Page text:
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=================================
How To Release LLVM To The Public
=================================

Introduction
============

This document contains information about successfully releasing LLVM ---
including sub-projects: e.g., ``clang`` and ``compiler-rt`` --- to the public.
It is the Release Manager's responsibility to ensure that a high quality build
of LLVM is released.

If you're looking for the document on how to test the release candidates and
create the binary packages, please refer to the :doc:`ReleaseProcess` instead.

.. _timeline:

Release Timeline
================

LLVM is released on a time based schedule --- with major releases roughly
every 6 months.  In between major releases there may be dot releases.
The release manager will determine if and when to make a dot release based
on feedback from the community.  Typically, dot releases should be made if
there are large number of bug-fixes in the stable branch or a critical bug
has been discovered that affects a large number of users.

Unless otherwise stated, dot releases will follow the same procedure as
major releases.

The release process is roughly as follows:

* Set code freeze and branch creation date for 6 months after last code freeze
  date.  Announce release schedule to the LLVM community and update the website.

* Create release branch and begin release process.

* Send out release candidate sources for first round of testing.  Testing lasts
  7-10 days.  During the first round of testing, any regressions found should be
  fixed.  Patches are merged from mainline into the release branch.  Also, all
  features need to be completed during this time.  Any features not completed at
  the end of the first round of testing will be removed or disabled for the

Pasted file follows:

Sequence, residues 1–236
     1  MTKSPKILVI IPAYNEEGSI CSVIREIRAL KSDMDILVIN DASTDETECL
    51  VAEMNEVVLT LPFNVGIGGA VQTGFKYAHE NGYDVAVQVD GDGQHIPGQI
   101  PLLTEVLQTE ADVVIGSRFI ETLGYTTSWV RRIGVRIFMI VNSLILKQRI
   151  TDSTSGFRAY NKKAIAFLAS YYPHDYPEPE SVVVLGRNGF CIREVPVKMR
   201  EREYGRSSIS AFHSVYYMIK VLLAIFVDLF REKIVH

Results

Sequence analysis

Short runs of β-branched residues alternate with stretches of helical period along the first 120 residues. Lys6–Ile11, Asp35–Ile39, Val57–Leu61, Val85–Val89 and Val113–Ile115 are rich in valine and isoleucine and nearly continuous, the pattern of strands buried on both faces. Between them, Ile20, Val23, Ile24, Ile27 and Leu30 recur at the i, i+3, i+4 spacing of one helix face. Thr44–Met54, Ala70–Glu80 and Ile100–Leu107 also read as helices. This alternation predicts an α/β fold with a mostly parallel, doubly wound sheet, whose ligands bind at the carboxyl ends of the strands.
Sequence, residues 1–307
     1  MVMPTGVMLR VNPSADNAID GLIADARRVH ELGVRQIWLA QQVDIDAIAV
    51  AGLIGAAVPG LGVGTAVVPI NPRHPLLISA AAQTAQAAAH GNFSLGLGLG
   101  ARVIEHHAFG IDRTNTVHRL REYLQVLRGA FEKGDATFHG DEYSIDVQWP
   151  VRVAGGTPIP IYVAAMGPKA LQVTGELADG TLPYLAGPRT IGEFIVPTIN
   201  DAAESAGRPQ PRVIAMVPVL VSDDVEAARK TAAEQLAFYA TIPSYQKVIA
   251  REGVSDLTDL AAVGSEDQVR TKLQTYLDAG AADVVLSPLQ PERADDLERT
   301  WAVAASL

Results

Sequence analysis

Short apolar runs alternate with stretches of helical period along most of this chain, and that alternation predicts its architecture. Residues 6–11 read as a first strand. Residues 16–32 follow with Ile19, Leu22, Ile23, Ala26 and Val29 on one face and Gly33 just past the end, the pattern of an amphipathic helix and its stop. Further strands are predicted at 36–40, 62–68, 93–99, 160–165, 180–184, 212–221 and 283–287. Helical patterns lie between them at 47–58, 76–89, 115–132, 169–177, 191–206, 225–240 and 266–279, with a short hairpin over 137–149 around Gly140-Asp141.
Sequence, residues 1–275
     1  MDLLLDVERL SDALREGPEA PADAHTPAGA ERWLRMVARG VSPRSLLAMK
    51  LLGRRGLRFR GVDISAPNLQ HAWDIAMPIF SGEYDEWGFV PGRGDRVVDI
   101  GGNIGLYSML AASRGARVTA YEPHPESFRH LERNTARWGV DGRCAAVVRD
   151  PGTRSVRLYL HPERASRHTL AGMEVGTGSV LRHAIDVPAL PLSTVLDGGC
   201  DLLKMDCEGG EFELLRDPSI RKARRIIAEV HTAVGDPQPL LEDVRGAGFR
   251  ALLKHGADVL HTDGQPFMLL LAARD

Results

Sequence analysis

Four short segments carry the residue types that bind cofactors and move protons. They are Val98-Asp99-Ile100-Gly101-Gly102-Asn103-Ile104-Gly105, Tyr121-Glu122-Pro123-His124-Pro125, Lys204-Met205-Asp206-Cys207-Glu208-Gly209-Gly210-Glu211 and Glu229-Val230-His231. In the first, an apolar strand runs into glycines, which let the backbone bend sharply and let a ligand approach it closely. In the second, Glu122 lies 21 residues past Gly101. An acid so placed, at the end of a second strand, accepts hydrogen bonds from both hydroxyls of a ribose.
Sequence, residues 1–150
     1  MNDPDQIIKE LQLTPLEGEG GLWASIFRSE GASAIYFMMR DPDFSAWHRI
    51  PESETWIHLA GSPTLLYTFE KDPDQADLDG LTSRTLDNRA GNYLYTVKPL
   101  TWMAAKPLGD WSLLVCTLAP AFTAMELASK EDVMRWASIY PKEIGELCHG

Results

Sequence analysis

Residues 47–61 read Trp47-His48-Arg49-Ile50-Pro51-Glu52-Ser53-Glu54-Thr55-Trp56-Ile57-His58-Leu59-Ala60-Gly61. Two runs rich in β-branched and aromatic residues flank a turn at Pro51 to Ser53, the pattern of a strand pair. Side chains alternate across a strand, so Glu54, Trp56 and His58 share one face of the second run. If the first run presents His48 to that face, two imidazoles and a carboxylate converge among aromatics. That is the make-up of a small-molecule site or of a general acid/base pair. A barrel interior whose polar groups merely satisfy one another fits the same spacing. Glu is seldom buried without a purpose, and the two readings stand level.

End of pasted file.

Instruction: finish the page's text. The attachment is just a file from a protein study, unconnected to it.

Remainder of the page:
release.

* Generate and send out the second release candidate sources.  Only *critical*
  bugs found during this testing phase will be fixed.  Any bugs introduced by
  merged patches will be fixed.  If so a third round of testing is needed.

* The release notes are updated.

* Finally, release!

The release process will be accelerated for dot releases.  If the first round
of testing finds no critical bugs and no regressions since the last major release,
then additional rounds of testing will not be required.

Release Process
===============

.. contents::
   :local:

Release Administrative Tasks
----------------------------

This section describes a few administrative tasks that need to be done for the
release process to begin.  Specifically, it involves:

* Creating the release branch,

* Setting version numbers, and

* Tagging release candidates for the release team to begin testing.

Create Release Branch
^^^^^^^^^^^^^^^^^^^^^

Branch the Subversion trunk using the following procedure:

#. Remind developers that the release branching is imminent and to refrain from
   committing patches that might break the build.  E.g., new features, large
   patches for works in progress, an overhaul of the type system, an exciting
   new TableGen feature, etc.

#. Verify that the current Subversion trunk is in decent shape by
   examining nightly tester and buildbot results.

#. Create the release branch for ``llvm``, ``clang``, and other sub-projects,
   from the last known good revision.  The branch's name is
   ``release_XY``, where ``X`` is the major and ``Y`` the minor release
   numbers.  Use ``utils/release/tag.sh`` to tag the release.